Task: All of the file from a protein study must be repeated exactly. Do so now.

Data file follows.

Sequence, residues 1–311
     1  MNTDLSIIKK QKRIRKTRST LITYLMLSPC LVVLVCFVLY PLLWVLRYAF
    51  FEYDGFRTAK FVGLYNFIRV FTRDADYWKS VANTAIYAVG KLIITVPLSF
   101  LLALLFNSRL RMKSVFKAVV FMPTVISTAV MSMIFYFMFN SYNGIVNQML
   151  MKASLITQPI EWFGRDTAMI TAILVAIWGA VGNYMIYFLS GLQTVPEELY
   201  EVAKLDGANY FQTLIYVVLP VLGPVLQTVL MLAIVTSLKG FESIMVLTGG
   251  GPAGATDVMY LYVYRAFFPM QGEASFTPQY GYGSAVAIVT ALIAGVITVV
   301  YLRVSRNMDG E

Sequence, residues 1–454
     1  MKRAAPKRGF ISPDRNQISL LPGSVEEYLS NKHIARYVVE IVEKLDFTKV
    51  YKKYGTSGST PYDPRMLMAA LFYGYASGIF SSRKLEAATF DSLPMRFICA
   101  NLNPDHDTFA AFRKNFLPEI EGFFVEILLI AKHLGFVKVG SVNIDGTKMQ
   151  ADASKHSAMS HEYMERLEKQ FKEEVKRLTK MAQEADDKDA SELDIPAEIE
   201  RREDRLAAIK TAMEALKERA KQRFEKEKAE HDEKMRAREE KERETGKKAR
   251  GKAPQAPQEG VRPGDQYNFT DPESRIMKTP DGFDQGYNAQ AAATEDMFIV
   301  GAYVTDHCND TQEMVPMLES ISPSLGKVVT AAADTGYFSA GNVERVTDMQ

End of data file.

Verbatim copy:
Sequence, residues 1–311
     1  MNTDLSIIKK QKRIRKTRST LITYLMLSPC LVVLVCFVLY PLLWVLRYAF
    51  FEYDGFRTAK FVGLYNFIRV FTRDADYWKS VANTAIYAVG KLIITVPLSF
   101  LLALLFNSRL RMKSVFKAVV FMPTVISTAV MSMIFYFMFN SYNGIVNQML
   151  MKASLITQPI EWFGRDTAMI TAILVAIWGA VGNYMIYFLS GLQTVPEELY
   201  EVAKLDGANY FQTLIYVVLP VLGPVLQTVL MLAIVTSLKG FESIMVLTGG
   251  GPAGATDVMY LYVYRAFFPM QGEASFTPQY GYGSAVAIVT ALIAGVITVV
   301  YLRVSRNMDG E

Sequence, residues 1–454
     1  MKRAAPKRGF ISPDRNQISL LPGSVEEYLS NKHIARYVVE IVEKLDFTKV
    51  YKKYGTSGST PYDPRMLMAA LFYGYASGIF SSRKLEAATF DSLPMRFICA
   101  NLNPDHDTFA AFRKNFLPEI EGFFVEILLI AKHLGFVKVG SVNIDGTKMQ
   151  ADASKHSAMS HEYMERLEKQ FKEEVKRLTK MAQEADDKDA SELDIPAEIE
   201  RREDRLAAIK TAMEALKERA KQRFEKEKAE HDEKMRAREE KERETGKKAR
   251  GKAPQAPQEG VRPGDQYNFT DPESRIMKTP DGFDQGYNAQ AAATEDMFIV
   301  GAYVTDHCND TQEMVPMLES ISPSLGKVVT AAADTGYFSA GNVERVTDMQ